Before Wade was the Founder and CEO of Fluid, he was in a rock band (with more hair) in the 80’s.
Why did you start the business, what was the catalyzing event?
My father started his own business when I graduated high-school and my uncle had his own business, so that was the spark. I worked for enterprise sized IT companies and the thought of starting my own business was always on my mind. The catalyst, which definitely was an ‘event’, occurred in November of 2001 during the dot com bust. I was working in the IT Strategy practice for PwC Consulting here in Dallas and when the bubble burst, the firm started setting very stringent utilization requirements, which resulted in the desired layoffs (“not billable, not employable”). I was able to remain billable and watched as our team quickly shrank. I was called into the partners office and after I was told what a great job I was doing and would receive a promotion, he then told me I would also be receiving a 10% pay cut. In those days in the ‘big 4’, there were only 6 levels of promotion throughout your entire career. So when you received a promotion from one level to the next it was a large financial event coupled with more responsibility. In one motion I went from receiving a 20-30% increase to a 10% decrease- a 40% swing I would never get back, all the while with more responsibility. I gave notice a few weeks later and started the business, what was then called Fluid Consulting, in January of 2002.
How did you find your first customer?
He actually found me. I was providing consulting to the CIO and his staff for a Fortune 500 company prior to leaving PwC. One of the executives previously left the company to take the CIO job at another company. I was thinking of calling him to see if he needed any help and he ended up calling me first. He was my first client, who turned into a 3-year engagement with a Fortune 500 client.
Describe your first office/location.
We lived near Highland Park Village at the time, so I opened a PO Box there to have a ‘legitimate’ office address. My physical office was the guest room of our house, which I didn’t use much because I was consulting onsite 90% of the time.
What’s the most creative thing you did to get your business started, or kept it going through a tough time?
Being in the business of IT with the expectation of being the ‘expert for all things IT’ for all of our clients and staying relevant is a constant challenge. We have continually had to reinvent. Perhaps the most creative and biggest move was to pivot from a project-based revenue business to a recurring revenue business. At the time, 80% of our business was ‘one-time’ with 20% recurring. The goal was to swap those percentages in a year and we did it. That shift was a challenge but keeping the business healthy and profitable through the great recession of 2008 and now the pandemic has been a different level.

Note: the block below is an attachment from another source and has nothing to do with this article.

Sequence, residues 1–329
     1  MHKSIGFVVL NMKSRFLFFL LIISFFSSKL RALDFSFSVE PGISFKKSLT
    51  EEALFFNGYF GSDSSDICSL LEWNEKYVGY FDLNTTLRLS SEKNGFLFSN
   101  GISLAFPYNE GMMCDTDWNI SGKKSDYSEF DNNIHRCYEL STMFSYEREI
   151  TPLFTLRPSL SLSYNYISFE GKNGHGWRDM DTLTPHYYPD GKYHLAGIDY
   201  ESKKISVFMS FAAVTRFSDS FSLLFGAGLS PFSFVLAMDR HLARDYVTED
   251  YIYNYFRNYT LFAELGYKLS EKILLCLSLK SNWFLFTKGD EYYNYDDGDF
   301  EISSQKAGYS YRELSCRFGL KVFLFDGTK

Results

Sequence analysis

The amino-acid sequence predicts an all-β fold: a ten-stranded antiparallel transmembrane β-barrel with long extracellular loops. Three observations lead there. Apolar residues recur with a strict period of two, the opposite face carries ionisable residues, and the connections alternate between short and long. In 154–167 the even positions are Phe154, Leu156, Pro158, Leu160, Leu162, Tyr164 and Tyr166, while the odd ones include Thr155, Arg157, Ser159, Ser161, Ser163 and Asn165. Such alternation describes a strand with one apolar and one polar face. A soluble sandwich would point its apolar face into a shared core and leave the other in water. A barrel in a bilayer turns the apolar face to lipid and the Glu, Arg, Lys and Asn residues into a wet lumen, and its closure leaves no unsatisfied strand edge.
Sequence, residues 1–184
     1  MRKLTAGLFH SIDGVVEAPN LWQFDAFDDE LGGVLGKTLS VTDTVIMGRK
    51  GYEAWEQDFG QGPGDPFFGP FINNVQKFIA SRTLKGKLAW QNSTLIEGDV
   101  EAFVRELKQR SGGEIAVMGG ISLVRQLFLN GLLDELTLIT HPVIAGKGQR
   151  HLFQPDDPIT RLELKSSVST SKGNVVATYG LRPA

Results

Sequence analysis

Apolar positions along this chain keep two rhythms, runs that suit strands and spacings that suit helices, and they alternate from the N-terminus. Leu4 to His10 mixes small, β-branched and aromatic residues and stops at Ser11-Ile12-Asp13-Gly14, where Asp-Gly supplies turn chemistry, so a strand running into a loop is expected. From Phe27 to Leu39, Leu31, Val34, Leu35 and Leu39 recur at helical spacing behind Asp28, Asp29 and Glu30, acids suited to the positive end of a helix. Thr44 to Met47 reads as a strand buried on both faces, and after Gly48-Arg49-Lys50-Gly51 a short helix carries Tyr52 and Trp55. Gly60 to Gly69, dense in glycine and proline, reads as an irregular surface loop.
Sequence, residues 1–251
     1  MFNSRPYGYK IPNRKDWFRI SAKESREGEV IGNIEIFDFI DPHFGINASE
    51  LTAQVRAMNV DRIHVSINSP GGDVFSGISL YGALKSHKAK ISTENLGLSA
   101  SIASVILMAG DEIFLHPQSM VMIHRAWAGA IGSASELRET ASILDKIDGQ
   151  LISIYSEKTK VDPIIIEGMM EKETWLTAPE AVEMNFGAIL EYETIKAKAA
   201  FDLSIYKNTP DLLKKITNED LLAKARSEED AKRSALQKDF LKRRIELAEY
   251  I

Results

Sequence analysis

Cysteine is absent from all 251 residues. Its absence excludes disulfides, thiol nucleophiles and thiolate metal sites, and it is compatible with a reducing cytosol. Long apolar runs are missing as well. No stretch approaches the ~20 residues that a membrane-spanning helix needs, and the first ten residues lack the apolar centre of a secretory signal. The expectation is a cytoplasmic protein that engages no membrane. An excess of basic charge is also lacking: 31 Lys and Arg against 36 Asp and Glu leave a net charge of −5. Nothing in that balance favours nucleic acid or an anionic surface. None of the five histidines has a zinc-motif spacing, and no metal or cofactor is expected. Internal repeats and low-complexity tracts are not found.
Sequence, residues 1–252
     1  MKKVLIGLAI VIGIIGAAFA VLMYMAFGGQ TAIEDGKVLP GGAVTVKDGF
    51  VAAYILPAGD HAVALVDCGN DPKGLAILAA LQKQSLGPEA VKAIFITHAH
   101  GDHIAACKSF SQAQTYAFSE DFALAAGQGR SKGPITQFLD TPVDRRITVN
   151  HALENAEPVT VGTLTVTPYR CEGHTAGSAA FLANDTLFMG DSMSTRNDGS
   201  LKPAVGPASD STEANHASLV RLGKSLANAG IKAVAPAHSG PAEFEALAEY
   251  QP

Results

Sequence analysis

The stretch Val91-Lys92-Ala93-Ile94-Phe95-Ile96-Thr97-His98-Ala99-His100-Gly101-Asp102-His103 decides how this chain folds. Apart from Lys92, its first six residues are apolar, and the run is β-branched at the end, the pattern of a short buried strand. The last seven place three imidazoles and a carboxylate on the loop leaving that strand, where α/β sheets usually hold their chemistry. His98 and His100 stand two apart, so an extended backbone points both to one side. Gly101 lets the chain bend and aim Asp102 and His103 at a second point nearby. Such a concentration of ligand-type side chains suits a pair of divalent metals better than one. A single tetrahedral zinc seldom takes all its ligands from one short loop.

What’s something quirky or superstitious you do as a CEO?
I’m not really superstitious so I’ll have to go with quirky. I’ve been told, sometimes I perform an old man jig when we get some good news. Although I believe any of my dance moves are current and awesome.
What was your last job working for someone else? What was your favorite day job?
My last job working for someone else was 20 years ago as a consultant with PwC. My favorite day job was probably when I was in a band living in Deep Ellum in the late 80’s and early 90’s trying to ‘make it’. Obviously, I didn’t, and it wasn’t really a ‘day’ job, but it was pretty fun – until we had to load all that gear at 3 am.
Where did you come up with the name for your company?
I knew from the get-go I didn’t want my name tied to the business name because I was hoping, and still do, that I am able leave a legacy beyond myself. So, anything with Yeaman was out. Back in my enterprise days at EDS, PwC, etc., I used to hear people say – ‘the situation is fluid’. It always struck me as a very good way to describe business and easy to quickly visualize. I had certainly been through a lot of business change and ‘fluid’ situations, so it seemed like a good name. I chose the name Fluid Consulting with the tagline …because business is Fluid. We changed to Fluid IT Services around 8 years ago to help clarify what we do and avoid any confusion among the massive increase in IT companies and competition. 20 years later I still believe business is Fluid and laugh every time I catch a client say it without realizing it.